When an employee is on disability leave, it doesn’t have to be all-or-nothing when it comes to getting them safely back to work. In fact, given that only three per cent of workers who are off work for a year or more will return to work ever, it’s in everyone’s interest to get the return to work process figured out fast.
Write Everything Down — And Where Possible, Collaborate
No one wants a confrontational relationship with the employee — it pays off to work together. When both sides have bought into a written plan, the chances of it succeeding increase. If you set a date the employee is uncomfortable with, the employee may look for ways to extend their leave — to say nothing of the chances of them reinjuring themselves should they have genuinely not recovered enough.
Accept that an appropriate amount of full leave may be best in order for the employee to recover, but nonetheless ensure that you’ve set a firm goal date if at all possible. All this said, there’s always the chance that return to work dates get delayed — and we’ll talk about what to do there later.
Mutually Establish Appropriate Transitional Return to Work Goals
Perhaps an employee has had a significant back strain and needs some time outright off work as they’re unable to meaningfully perform any of their job duties.
After some time, however, they may be capable of their desk work but not able to do any heavy lifting. You may be able to arrange with the employee and their GP a graduated return to work after a certain date. Work out what that date is based on the expected recovery times and agree on what duties would be appropriate at that time.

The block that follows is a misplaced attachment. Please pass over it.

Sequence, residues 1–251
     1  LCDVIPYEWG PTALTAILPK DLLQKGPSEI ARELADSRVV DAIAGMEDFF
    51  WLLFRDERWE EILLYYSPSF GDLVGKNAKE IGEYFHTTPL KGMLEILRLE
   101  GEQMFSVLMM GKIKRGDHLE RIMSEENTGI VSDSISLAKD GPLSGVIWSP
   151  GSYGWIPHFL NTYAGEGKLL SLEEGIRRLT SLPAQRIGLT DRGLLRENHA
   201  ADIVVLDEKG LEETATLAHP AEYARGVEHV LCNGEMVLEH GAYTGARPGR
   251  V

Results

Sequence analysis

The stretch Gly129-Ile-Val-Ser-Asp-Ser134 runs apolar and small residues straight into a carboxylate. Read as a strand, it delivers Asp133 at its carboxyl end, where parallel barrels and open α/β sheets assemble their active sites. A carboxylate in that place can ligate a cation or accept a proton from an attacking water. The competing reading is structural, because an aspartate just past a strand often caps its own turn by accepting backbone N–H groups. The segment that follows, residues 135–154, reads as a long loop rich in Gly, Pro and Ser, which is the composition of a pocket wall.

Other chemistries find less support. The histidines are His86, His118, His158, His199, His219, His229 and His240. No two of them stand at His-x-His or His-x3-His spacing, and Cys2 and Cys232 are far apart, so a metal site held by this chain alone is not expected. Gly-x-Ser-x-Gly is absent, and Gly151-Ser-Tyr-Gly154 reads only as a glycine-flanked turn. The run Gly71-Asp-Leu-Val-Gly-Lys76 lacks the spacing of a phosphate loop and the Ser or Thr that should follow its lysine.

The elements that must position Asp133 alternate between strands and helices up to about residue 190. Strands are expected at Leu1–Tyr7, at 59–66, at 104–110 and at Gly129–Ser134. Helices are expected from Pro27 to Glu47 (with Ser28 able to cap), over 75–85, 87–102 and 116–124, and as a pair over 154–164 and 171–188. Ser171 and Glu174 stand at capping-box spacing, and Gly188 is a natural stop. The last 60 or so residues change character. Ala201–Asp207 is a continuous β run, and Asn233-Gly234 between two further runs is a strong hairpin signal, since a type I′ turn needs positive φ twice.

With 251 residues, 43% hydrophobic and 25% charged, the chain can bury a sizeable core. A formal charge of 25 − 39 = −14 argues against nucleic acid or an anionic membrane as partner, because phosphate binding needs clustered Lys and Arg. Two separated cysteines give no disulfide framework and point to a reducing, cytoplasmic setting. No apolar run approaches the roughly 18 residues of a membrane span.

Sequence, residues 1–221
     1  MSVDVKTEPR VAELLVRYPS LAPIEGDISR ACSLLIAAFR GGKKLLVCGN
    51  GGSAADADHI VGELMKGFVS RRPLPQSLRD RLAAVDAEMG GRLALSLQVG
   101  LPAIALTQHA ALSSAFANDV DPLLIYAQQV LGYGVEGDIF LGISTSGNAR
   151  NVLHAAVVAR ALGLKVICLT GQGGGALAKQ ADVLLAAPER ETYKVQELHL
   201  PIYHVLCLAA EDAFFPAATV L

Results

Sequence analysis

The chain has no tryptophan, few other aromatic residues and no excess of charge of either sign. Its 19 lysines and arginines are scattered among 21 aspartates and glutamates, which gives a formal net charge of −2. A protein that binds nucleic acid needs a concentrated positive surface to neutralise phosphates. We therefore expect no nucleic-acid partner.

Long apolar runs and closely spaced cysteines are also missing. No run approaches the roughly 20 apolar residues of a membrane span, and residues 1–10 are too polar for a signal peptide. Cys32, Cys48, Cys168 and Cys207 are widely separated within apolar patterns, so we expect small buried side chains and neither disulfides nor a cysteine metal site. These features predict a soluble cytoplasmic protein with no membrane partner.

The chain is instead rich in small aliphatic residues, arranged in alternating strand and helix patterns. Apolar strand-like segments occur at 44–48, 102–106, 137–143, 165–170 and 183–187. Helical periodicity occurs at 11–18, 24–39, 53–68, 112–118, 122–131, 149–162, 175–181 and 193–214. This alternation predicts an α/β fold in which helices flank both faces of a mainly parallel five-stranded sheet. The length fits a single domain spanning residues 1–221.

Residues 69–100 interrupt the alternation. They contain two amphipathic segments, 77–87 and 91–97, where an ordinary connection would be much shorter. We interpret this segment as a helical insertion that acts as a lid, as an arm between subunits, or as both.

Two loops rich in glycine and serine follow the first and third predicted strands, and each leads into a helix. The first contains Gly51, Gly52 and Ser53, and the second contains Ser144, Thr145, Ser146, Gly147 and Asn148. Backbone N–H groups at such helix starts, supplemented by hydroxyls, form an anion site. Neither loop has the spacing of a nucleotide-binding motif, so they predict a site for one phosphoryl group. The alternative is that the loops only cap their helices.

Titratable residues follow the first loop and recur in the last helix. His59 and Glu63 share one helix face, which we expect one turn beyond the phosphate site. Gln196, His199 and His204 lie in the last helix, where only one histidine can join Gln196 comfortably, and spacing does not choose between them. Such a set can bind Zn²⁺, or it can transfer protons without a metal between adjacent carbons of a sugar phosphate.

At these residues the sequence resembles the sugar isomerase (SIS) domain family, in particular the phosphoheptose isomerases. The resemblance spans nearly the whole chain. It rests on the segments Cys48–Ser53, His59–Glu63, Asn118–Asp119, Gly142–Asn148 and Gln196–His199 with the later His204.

Even if these duties are relatively minor, it’s well worth doing. Most importantly, your employee is back sooner and avoids the permanent disability trap. You also get access to their valued contribution — even if they’re not able to do physical work, they’re on-hand to advise those who are.
Explore Accommodations That Can Help Return them to Work
There are many things employers can do to help employees return before they’re fully recovered, or to account for new permanent disabilities that don’t affect crucial job functions.
If there’s a lot they could be doing with their hands if only they could get their wheelchair in, a simple ramp might be all you need. If they’d be able to accomplish some of their work remotely and it would promote their recovery to work from home at least part of the week, that could be something worth considering.
What to Do in a Dispute?
All of this is well and good when the employee is committed to returning, but what about when they’re not?
If you’re having issues with the employee in general, unrelated to the disability, you have to step lightly. You’re certainly well-advised to not use a disability as a means to discriminate against them, and you can’t use it, for example, as an excuse to terminate them.
There are many ways an uncooperative employee can delay or sabotage the return to work process. There’s a difference between that and an injury genuinely taking longer than expected to heal. And there’s a difference between both these and the possibility of medicalization having convinced the employee of a problem that might not exist. Employers should know that they do have a tool to help get answers when the return to work process results in a dispute.
Independent Medical Examinations Help Deliver Clarity
If you’re unsure of the true extent of an injury or are worried about the uncertainty that waiting to find out brings, you may want to look into an Independent Medical Examination (IME). These examinations allow you to get a fast, independent opinion on the potential existence and implications of an injury, and an IME can help plan an employee’s safe return to work on an appropriate timeline.
Western Medical Assessments’ Medical Director Dr. Roger Hodkinson is always available for a quick, no-obligation chat if you’d like to know more, at 780.433.1191.